Saturday, March 8, 1997
After-the-flood advice
Accept help and be patient,
says a woman who lost everything
when the Whitewater River
overflowed in 1996

BY MARK CURNUTTE
The Cincinnati Enquirer

Leland and Billien McCowan felt humiliation.

Last April, they lost nearly everything they owned when the rain-swollen Whitewater River flooded their $75,000 home near New Trenton, Ind.

''Get over the embarrassment quick'' is Mrs. McCowan's advice to families facing the same situation now.

''The biggest thing you've got to do is spread the word,'' she says. ''Nobody can help you if they don't know you need help.''

A flood victim who told her story to The Enquirer in April and again in October, Mrs. McCowan shared her recovery tips earlier this week.

There's no coping formula, says Mrs. McCowan, 28, who has moved with her husband and young son to a new home on higher ground in Harrison.

Nevertheless, she suggests:

Communicate.

''You're going to need the basics - toothbrushes, clothes,'' she says. ''Get to the emergency shelter. . . . Register with the Red Cross. Talk to your church.''

Accept help.

''We're used to giving, and it's a lot harder to receive, but you have to because you have nothing,'' says Mrs. McCowan, a division technical expert with Ford Consumer Finance in Blue Ash. Leland McCowan, 29, is a forklift mechanic for Portman Material Handling in Blue Ash.

Patience is a virtue.

The McCowans left their home April 29. The insurance adjuster couldn't visit until May 10.

''It is going to take months to rebuild,'' Mrs. McCowan says. ''Nobody is willing to move as fast as you.''

Let it go.

Thirty-six hours after they fled their home, the McCowans returned to survey the damage. Their immediate impulse was to salvage as much as possible.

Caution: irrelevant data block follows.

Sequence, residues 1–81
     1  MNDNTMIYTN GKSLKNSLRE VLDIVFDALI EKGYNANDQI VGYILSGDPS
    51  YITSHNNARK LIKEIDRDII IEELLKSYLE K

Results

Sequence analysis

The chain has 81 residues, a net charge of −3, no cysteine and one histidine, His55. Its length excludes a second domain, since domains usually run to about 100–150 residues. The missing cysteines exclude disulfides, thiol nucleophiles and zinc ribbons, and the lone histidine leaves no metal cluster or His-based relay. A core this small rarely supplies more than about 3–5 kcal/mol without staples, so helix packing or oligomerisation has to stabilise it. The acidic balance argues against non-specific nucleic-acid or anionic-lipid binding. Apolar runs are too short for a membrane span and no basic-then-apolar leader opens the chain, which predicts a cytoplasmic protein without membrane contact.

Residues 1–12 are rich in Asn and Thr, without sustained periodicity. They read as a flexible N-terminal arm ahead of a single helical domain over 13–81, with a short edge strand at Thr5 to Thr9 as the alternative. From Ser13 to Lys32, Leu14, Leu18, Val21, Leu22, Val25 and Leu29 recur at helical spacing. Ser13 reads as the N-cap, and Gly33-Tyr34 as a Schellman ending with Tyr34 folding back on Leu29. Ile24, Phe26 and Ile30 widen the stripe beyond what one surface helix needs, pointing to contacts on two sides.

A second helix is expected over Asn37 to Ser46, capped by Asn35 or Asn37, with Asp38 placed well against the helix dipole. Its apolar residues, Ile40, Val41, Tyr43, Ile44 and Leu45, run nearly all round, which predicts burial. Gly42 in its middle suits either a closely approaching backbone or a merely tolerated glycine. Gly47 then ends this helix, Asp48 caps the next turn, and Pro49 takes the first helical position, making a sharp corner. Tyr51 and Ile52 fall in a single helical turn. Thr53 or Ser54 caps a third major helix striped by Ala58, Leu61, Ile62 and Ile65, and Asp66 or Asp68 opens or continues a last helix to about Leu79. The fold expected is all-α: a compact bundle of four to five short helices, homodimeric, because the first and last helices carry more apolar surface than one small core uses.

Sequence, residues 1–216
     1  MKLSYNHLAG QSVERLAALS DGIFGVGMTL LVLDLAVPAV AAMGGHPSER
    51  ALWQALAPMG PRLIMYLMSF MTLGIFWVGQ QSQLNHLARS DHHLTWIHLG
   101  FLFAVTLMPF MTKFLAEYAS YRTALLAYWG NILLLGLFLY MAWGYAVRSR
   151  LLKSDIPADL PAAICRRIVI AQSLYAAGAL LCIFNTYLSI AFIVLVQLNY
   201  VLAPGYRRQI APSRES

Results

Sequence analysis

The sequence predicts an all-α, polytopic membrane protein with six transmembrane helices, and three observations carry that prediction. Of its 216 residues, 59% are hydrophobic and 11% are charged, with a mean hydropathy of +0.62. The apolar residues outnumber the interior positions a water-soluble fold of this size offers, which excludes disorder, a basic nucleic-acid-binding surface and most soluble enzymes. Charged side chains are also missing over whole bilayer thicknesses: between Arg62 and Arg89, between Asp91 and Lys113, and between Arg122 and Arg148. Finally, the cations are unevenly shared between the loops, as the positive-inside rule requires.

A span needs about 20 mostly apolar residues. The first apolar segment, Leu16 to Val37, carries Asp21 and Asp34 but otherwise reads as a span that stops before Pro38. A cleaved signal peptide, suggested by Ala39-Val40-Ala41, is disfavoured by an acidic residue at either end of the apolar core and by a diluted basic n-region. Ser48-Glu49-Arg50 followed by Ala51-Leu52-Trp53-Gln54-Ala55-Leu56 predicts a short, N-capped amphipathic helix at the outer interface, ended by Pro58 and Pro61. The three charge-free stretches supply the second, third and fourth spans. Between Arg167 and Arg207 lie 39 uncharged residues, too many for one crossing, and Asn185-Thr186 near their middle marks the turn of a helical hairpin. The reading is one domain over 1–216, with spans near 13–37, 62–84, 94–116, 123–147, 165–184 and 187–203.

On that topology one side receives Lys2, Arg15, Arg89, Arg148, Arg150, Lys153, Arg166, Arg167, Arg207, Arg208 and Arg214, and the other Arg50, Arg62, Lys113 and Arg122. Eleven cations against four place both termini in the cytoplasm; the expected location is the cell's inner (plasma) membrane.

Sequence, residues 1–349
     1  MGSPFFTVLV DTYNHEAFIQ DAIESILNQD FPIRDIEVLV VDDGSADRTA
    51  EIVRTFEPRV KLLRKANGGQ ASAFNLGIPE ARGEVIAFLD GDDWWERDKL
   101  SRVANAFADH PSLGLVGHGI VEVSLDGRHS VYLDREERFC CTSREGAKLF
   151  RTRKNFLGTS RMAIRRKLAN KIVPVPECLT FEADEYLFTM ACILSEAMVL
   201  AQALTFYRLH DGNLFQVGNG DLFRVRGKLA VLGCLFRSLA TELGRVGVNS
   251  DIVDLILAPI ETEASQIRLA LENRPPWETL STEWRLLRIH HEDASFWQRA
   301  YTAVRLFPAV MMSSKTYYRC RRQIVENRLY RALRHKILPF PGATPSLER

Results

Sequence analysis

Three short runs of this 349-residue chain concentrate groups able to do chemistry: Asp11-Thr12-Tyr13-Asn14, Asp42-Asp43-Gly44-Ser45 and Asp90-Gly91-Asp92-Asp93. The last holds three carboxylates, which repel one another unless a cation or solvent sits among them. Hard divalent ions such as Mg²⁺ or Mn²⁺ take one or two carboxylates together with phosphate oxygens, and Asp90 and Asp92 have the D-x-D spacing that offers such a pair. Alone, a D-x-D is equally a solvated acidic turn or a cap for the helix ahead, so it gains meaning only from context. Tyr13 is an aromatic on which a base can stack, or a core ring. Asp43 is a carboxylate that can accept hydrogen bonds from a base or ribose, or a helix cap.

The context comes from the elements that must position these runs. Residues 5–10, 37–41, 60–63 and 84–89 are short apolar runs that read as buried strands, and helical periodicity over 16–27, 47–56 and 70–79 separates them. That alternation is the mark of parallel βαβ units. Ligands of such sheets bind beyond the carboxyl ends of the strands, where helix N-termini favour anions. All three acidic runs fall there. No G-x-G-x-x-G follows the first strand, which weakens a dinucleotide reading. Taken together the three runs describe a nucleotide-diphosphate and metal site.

''Our doctor and some people with the Red Cross reminded us of the disease and waste that was in the water,'' Mrs. McCowan says.

''It wasn't like our stuff was just wet. They told us to completely wash ourselves, change clothes and scrub under our fingernails after we were at the house.''

They saved a little more than a third of their clothing. They washed what they could at a coin laundry. Then they took their clothing to a professional cleaner, which gave them a 25 percent discount because of the flood.

Mr. McCowan salvaged the couple's 3-year-old television. He removed the back panel and picture tube, power-washed it and set it in the sun for three days. It still works.

They were going to try to save their refrigerator but were advised against attempting to keep any large appliances.

Water damaged the fringes of their wedding pictures. Mrs. McCowan carefully peeled photos from the album and let them air dry. Some colors bled. Older family photos were smeared beyond recognition.

FLOOD STORIES
FLOOD PHOTOS